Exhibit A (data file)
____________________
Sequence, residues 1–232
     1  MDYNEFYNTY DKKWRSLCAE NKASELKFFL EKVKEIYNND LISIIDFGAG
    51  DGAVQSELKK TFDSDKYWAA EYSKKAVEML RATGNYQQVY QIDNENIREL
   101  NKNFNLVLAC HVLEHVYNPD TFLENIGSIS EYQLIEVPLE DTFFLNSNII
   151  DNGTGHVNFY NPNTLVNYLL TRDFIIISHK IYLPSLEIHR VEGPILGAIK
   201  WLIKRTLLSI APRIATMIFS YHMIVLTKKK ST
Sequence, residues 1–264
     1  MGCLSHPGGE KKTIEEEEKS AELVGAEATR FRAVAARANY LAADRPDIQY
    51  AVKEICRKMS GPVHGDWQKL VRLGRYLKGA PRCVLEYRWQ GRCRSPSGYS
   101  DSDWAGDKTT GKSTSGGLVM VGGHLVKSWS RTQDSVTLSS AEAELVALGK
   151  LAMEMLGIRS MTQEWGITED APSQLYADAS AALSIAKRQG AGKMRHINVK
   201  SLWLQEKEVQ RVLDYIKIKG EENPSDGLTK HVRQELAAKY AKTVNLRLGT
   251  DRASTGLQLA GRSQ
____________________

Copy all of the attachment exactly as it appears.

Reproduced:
Sequence, residues 1–232
     1  MDYNEFYNTY DKKWRSLCAE NKASELKFFL EKVKEIYNND LISIIDFGAG
    51  DGAVQSELKK TFDSDKYWAA EYSKKAVEML RATGNYQQVY QIDNENIREL
   101  NKNFNLVLAC HVLEHVYNPD TFLENIGSIS EYQLIEVPLE DTFFLNSNII
   151  DNGTGHVNFY NPNTLVNYLL TRDFIIISHK IYLPSLEIHR VEGPILGAIK
   201  WLIKRTLLSI APRIATMIFS YHMIVLTKKK ST
Sequence, residues 1–264
     1  MGCLSHPGGE KKTIEEEEKS AELVGAEATR FRAVAARANY LAADRPDIQY
    51  AVKEICRKMS GPVHGDWQKL VRLGRYLKGA PRCVLEYRWQ GRCRSPSGYS
   101  DSDWAGDKTT GKSTSGGLVM VGGHLVKSWS RTQDSVTLSS AEAELVALGK
   151  LAMEMLGIRS MTQEWGITED APSQLYADAS AALSIAKRQG AGKMRHINVK
   201  SLWLQEKEVQ RVLDYIKIKG EENPSDGLTK HVRQELAAKY AKTVNLRLGT
   251  DRASTGLQLA GRSQ